But Whistle Duck pulled a small mussel shell out from behind her other ear and carried on cutting the grass rope.

The grass rope frayed and snapped just as Crocodile Man was nearing the top with the fish. Before he fell Whistle Duck grabbed the fish from him.

The place where Crocodile Man fell back to earth is his Dreaming.

He crawled off back to the creek on his injured knees and became a crocodile.

Whistle Duck and her two daughters remained in the Milky Way.

Adapted from R.M and  C.H Bernt, The Speaking Land.

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Names Matter: vittles…

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…The king he were a comin’ down the street an he hard her sing, but what she sang he couldn’t hare, so he stopped and said: ‘What were that you was a singun of, maw’r?’…

…The woman, she were ashamed to let him hare what her darter had been a doin’, so she sang, ‘stid o’ that:
‘My daughter ha’ spun five, five skeins to day, my darter ha’ spun five, five skeins today…’
‘S’ars o’ mine!” said the king, ‘I never heerd tell of any on as could do that.’

Then he said; ‘Look here, I want a wife, and I’ll marry your darter, but mind now ‘leven months o’ the year she shall ha’ all the vittles she likes to eat, and all the gownds she likes to git, and all the cumpny she likes to hev; but that las’ month o’ the year she’ll ha’ to spin five skeins iv’ry day, an if she doon’t she’ll loose her hid.’
‘All right,’ says the woman: for she thowt what a grand marriage that was. And as for them five skeins, when te come tew, there’d be plenty o’ ways of getting owt of it, and likeliest, he’d ha’ forgot about it.’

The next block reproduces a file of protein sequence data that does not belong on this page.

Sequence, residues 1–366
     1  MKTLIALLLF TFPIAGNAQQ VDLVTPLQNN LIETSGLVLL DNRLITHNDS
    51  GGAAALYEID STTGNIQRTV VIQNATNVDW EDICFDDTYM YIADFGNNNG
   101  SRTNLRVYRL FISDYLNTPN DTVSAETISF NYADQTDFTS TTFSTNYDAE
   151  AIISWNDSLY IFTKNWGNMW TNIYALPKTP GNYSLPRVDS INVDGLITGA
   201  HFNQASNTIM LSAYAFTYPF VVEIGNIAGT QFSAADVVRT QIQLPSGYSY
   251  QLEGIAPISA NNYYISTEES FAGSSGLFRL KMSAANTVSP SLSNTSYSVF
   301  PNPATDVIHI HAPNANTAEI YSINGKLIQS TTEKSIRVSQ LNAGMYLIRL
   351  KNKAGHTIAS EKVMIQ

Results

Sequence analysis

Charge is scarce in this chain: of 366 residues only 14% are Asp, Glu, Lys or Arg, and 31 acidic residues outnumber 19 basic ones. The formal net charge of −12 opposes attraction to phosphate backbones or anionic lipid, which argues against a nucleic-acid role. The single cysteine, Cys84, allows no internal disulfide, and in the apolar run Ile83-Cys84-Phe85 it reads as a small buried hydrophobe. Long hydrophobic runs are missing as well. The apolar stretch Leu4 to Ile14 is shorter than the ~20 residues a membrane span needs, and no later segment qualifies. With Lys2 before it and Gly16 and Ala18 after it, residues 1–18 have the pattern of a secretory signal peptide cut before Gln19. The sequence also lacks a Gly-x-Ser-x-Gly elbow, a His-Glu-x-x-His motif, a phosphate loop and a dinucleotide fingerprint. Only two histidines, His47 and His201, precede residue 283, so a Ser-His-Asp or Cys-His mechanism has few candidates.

So they was married.

An’ for leven months the gal had all the vittles she liked to ate, and all the gownds she liked to git, an’ all the cumpny she liked to hev.
But when the time was gettin’ oover, she began to think about them there skeins an’ to wonder if he had ‘em in mind. But not one word did he say about ‘em an’ she whoolly thowt he’d forgot ‘em.
Howsivir, the last day o’ the last month, he takes her to a room she’d niver set eyes on afore. There worn’t nothing in it but a spinnin’ wheel and a stool. An’ says he, ‘Now, me dare, hare yow’ll be shut in tomorrow with some vittles and some flax and if you hain’t spun five skeins by the night, yar hid’ll goo off.’
An’ awa’ he went about his business…

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to be continued…

Names Matter…

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“What’s your name? Why, it’s pudding and tame.
And if you ask me again I’ll tell you the same.”
Children’s Rhyme.

Once there were a woman and she baked five pies. When they came out of the oven they was that over baked, the crust were too hard to eat.

So, she says to her darter.
‘Maw’r,’ says she, ‘put you them there pies on the shelf an’ leave ‘em there a little, an they’ll come agin’.

But the gal, she says to her self, ‘Well, if they’ll come agin anyway, I’ll ate ‘em now.’

And she set to work and ate ‘em all, first and last…

…Well, come supper time the woman she said, ‘Goo you and git one o’ them there pies. I dare say they’ve came agin now.’
The gal she went an’ she looked, tho’ she already knowd what she’d find ‘cos there warn’t nothin’ but the dishes. So back she come and says she, ‘Noo they ain’t come agin.’
‘What, not none on ‘em?’ says the mother.
‘No, not none on ‘em,’ says she.
‘Well, come agin, or not come agin,’ says the woman, ‘I’ll ha’ one for supper.’
‘But you can’t, if they ain’t come,’ says the gal.
‘But I can,’ says she, ‘Goo you and bring the best of ‘em.’
‘Best or worst,’ says the gal, ‘I’ve ate ‘em all, and you can’t ha’ one till that’s come agin.’
Well, the woman she were wholly bate, and she took her spinnin’ to the door to spin, and as she span she sang:
‘My darter ha’ ate five, five pies today, my darter ha’ ate five, five pies today…’

to be continued…